Indeed, battery technology continues to advance, improving light duty EV performance—and making heavy duty EVs a possibility for the commercial market. However, heavy duty EVs won’t be adopted across all industries at the same time. We predict state and local governments will be the first adopters, for a few reasons:

  • Infrastructure: Many government fleets have already adopted light duty EVs, meaning they already have EV infrastructure in place, including charging stations and EV fleet management tools. This makes the barrier to adoption much lower. 

  • Incentives: Even if no new federal sustainability guidelines are implemented, statewide sustainability goals, like California’s Zero-Emission Vehicle Program, could drive some cities towards heavy duty EV adoption. 

  • Services: Many of the services that state and local governments provide, like trash pickup, are uniquely suited to EV adaptation due to their predictable, recurring routes. Plus, heavy duty government vehicles typically travel within a smaller radius compared to other commercial heavy duty vehicles, meaning heavy duty EV range may be less of a concern.

“Focusing on class 8 vehicles is, I think, the next step in the evolution of EV technology,” said Mark Stevens, Fleet Manager for the City of Sacramento, which is testing out their first 100% battery-electric garbage truck for a trial period in 2021.

“We’ll be evaluating questions like: What are the downsides? Does it have enough range? Is the compaction rate high enough for this type of operation? We hope to have that vehicle in service in 2021,” said Stevens. “I definitely think that EVs are the future. That is the new technology we have our eyes on.”

6. Demand for commercial drivers will increase, making recruitment and retention more important than ever

Finally, one long-term trend we predict will persist throughout 2021 and beyond is the national truck driver shortage.

“The national truck driver shortage is something we believe is a long-term issue,” said Dave Nelson, President of Sprint Waste. “We have an aging employee demographic for commercial drivers, and we're not seeing as many young people wanting to become commercial drivers.”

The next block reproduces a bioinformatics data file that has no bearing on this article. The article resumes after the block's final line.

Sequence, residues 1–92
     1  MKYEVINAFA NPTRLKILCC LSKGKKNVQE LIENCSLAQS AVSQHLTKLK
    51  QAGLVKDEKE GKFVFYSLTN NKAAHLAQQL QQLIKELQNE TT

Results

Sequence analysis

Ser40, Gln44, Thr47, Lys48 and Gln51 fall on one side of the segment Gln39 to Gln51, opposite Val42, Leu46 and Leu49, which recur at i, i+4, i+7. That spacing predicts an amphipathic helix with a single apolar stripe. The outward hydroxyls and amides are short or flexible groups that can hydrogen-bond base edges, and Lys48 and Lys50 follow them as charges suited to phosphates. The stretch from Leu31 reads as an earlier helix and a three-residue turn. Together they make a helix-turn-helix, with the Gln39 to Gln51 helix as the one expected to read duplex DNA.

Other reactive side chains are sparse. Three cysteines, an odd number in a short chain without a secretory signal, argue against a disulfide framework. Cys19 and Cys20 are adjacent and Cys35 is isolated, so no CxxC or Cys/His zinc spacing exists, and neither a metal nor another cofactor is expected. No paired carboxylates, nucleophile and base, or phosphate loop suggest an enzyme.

The COVID-19 pandemic may have worsened the driver shortage by simultaneously suppressing the supply of commercial drivers and increasing demand. Due to the pandemic, a significant number of commercial driver’s license (CDL) training schools are closed or operating at reduced capacity, leading to a 40% drop in CDL training. At the same time, trucking demand has surged.

“Even before COVID, the demand for commercial drivers was already high. Now, with more and more companies shipping goods and fulfilling those online orders, I think that's going to push up the demand for drivers in logistics and transportation even more,” said Fred Matthews, Senior Manager of Safety at DHL. “I think it’s going to be a much bigger market than it already is.”

This means recruitment and retention will become even more important in 2021. We may see businesses offer even higher signing bonuses or pay increases to attract talent. 

“You have to be competitive with pay,” said Nelson. “But at the end of the day, you have to create a place where drivers enjoy working—which means offering the best technology, the best safety program, and really investing in that employee experience.”

Looking forward to 2021 and beyond

Do you have a prediction about the future of connected operations? We want to hear from you! Tweet @Samsara on Twitter to share your predictions for 2021 and beyond.

Thank you to our partners who shared their perspectives with us for this blog, including Fred Matthews, Dave Nelson, Mark Stevens, Shep Nelson, and David Braunstein.